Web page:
Posts Tagged ‘iphone’

WWDC 2011 Keynote

Monday, June 6th, 2011

No, I’m not there. 🙁 As of the time of this writing (9:30am WWDC time), the energy is palatable for this year’s event even 600 miles north of San Francisco (one of my all time favorite places to be) up in Portland.

We already know that Lion (Mac OS X 10.7) will be “announced” (it already really has been, just not the minutia), iOS 5 (same…it exists, no real details), and iCloud (more heavily covered…ie streaming music and a music locker, but free MobileMe services too?). What we don’t yet know is what the “Just one more thing…” is all about.

We know there is something afoot due to this image taken inside Moscone West this morning: (image no longer available)

I originally speculated with @CocoaGeek that this might just be the banners seen already that read “Lion + iOS 5 + iCloud = WWDC11”. However, as @CocoaGeek correctly pointed out to me, this doesn’t make a lot of sense since those have already been announced, even if no details have been given.

So, at 10:00 am (WWDC time) we’ll begin to know that all this is about. All I know is that 2011/2012 is going to be very, very good years to be an Apple developer.

Will update as more information flows in….

10:00 am update…

Mac OS X Lion “announced’ along with 10 new features (out of a claimed 250) being showcased:

  1. Multitouch gestures with trackpads
  2. Full screen apps (meant for smaller screen laptops/devices)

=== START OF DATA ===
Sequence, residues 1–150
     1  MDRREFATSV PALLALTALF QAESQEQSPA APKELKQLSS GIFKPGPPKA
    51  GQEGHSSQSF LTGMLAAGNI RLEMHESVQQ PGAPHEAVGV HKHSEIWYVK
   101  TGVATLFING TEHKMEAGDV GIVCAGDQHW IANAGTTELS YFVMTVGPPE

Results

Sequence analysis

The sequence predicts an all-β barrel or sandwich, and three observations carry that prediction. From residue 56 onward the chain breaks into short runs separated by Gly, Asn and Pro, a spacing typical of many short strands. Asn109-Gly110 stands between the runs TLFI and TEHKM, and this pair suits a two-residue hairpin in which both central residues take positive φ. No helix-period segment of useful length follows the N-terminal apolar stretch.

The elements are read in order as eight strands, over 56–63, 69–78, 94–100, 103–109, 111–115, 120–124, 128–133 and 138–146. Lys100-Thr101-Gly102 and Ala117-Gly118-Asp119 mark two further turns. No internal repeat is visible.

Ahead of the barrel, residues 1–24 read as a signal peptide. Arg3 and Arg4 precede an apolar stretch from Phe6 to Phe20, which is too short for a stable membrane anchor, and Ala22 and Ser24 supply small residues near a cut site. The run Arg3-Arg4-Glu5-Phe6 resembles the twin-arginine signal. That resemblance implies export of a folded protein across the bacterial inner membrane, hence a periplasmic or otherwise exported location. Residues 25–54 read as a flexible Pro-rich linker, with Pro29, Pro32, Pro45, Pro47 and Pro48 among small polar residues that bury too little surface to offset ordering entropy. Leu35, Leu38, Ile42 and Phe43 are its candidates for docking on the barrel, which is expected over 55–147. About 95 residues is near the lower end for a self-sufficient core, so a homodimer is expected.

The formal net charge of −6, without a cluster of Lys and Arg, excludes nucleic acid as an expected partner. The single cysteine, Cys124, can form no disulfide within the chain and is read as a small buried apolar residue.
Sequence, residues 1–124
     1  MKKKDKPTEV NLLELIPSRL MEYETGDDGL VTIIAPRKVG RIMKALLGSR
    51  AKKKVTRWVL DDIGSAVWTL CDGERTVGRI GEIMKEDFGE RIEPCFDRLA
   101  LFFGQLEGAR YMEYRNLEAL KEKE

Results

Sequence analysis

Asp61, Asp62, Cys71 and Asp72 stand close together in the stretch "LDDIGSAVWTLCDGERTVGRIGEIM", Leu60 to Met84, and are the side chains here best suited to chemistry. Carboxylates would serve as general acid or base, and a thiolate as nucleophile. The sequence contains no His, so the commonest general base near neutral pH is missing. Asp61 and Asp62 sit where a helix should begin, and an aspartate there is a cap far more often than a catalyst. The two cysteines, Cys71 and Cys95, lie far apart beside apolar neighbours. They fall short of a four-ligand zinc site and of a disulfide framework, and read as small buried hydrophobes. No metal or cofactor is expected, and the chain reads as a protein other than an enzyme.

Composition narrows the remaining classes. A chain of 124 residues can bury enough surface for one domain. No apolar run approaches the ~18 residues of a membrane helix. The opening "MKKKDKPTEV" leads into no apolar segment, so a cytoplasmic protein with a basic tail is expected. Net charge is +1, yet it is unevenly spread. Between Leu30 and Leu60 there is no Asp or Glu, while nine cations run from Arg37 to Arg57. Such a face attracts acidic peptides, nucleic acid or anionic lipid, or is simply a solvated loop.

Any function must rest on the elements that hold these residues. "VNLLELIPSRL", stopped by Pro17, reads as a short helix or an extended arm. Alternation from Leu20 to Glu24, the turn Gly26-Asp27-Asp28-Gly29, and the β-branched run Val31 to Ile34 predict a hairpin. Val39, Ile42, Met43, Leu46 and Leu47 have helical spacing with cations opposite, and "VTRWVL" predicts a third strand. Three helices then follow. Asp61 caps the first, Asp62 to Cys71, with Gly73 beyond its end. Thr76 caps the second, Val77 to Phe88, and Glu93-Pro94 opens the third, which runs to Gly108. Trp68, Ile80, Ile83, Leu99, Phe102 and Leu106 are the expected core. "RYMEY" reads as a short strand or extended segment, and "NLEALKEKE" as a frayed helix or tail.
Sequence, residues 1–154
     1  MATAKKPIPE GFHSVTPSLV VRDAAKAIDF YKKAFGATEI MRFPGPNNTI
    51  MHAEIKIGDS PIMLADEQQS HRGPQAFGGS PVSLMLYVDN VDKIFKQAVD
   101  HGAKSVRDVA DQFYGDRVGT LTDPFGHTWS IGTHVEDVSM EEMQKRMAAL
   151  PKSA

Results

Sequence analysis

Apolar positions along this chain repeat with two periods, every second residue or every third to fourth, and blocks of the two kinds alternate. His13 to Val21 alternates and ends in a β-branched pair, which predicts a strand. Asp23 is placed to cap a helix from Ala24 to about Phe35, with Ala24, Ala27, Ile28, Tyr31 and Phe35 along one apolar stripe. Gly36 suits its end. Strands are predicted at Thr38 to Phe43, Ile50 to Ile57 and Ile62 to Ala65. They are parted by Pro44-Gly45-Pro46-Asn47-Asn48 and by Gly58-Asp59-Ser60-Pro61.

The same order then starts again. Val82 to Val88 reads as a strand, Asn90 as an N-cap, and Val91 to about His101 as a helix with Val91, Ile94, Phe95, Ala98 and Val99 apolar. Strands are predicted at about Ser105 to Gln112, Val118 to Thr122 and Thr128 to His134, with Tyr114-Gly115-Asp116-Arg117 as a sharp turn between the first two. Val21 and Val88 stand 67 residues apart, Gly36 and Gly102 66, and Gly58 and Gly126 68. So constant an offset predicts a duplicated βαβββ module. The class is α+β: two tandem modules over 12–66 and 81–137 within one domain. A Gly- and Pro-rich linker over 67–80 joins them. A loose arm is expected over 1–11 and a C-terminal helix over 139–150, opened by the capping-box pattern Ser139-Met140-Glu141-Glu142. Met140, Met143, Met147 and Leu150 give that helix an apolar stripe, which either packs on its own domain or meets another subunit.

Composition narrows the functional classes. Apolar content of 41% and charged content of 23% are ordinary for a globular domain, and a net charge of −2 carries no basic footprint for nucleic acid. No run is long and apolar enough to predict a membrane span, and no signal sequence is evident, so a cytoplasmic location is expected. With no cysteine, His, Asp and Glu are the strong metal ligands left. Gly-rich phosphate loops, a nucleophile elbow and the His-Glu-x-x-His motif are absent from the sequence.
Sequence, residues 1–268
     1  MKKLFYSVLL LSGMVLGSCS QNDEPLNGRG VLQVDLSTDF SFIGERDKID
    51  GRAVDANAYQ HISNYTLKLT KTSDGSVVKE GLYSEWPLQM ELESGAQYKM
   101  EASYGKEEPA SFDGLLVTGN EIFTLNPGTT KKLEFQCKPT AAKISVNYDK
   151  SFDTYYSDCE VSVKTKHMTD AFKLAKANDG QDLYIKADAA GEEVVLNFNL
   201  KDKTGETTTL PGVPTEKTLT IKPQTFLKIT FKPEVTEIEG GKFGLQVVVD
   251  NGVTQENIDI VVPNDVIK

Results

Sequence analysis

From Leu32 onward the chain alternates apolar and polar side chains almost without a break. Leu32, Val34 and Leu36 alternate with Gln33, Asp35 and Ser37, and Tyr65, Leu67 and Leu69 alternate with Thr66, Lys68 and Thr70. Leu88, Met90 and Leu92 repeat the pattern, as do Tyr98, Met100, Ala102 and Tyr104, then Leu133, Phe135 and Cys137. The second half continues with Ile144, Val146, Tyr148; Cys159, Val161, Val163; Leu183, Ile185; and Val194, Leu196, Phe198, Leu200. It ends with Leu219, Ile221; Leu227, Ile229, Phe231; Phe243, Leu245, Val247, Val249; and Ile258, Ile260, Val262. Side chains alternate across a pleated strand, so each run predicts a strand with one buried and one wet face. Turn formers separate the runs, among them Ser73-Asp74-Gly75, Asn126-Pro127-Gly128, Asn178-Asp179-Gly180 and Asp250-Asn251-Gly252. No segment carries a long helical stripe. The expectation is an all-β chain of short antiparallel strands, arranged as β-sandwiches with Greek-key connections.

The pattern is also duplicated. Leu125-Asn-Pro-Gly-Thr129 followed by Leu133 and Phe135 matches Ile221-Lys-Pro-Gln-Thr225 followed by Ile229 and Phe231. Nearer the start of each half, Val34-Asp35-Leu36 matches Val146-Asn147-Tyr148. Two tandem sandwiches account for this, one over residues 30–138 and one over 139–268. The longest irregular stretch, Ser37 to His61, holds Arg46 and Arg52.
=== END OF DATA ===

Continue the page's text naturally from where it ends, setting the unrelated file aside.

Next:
3. Mission Control (kind of like Exposé + Spaces). A simple gesture gives you a bird’s eye view of everything on your system.
  4. Missed this one…will add it once I can get the skinny on it. Ah, I guess it was the Mac App Store. Nothing terribly new, other than it has become the number one channel for buying PC software.
  5. Launchpad, a new launcher a’la iOS Springboard for the Mac OS. Apparently also employs a sandboxing scheme.
  6. Resume (Nice!) allows you to return to the exact state of the app and its documents
  7. Auto Save (enough said)
  8. Versions… version control for everyone (I wonder if it is based on Git? :-)). Time Machine for all your documents. Who doesn’t want/need that?
  9. AirDrop (Yes!) peer-to-peer WiFi based network (what?! No bluetooth love!?)
  10. with updated UI and other enhancements.

Available only via the Mac App Store, and only $29.99!! Wow!

10:34 am update…

OK, that’s the 10 features they chose to show-case. Looking forward to hearing what is in iOS 5. iCloud being saved for last, so I expect great things. Plus, don’t forget our “One last thing…”

iOS 5 Top 10:

  1. Notifications. Yes! This was a mess and very intrusive. Now can swipe down from top to see current list of notifications.
  2. Newsstand, iBookstore for magazine and newspaper publishers. Nice idea. I wonder how many Indie developers this impacted?
  3. Twitter integration! OK, wow. Explains a few moves made by Twitter over the past few months, particularly with authentication and third-party app support. Again, how does this impact the Indies?
  4. Safari (updated). Reader support (as can be found in Safari 5 for Mac), very nice. Reading List, for saving for later. Tabbed browsing, on the iPad anyhow (Excellent!).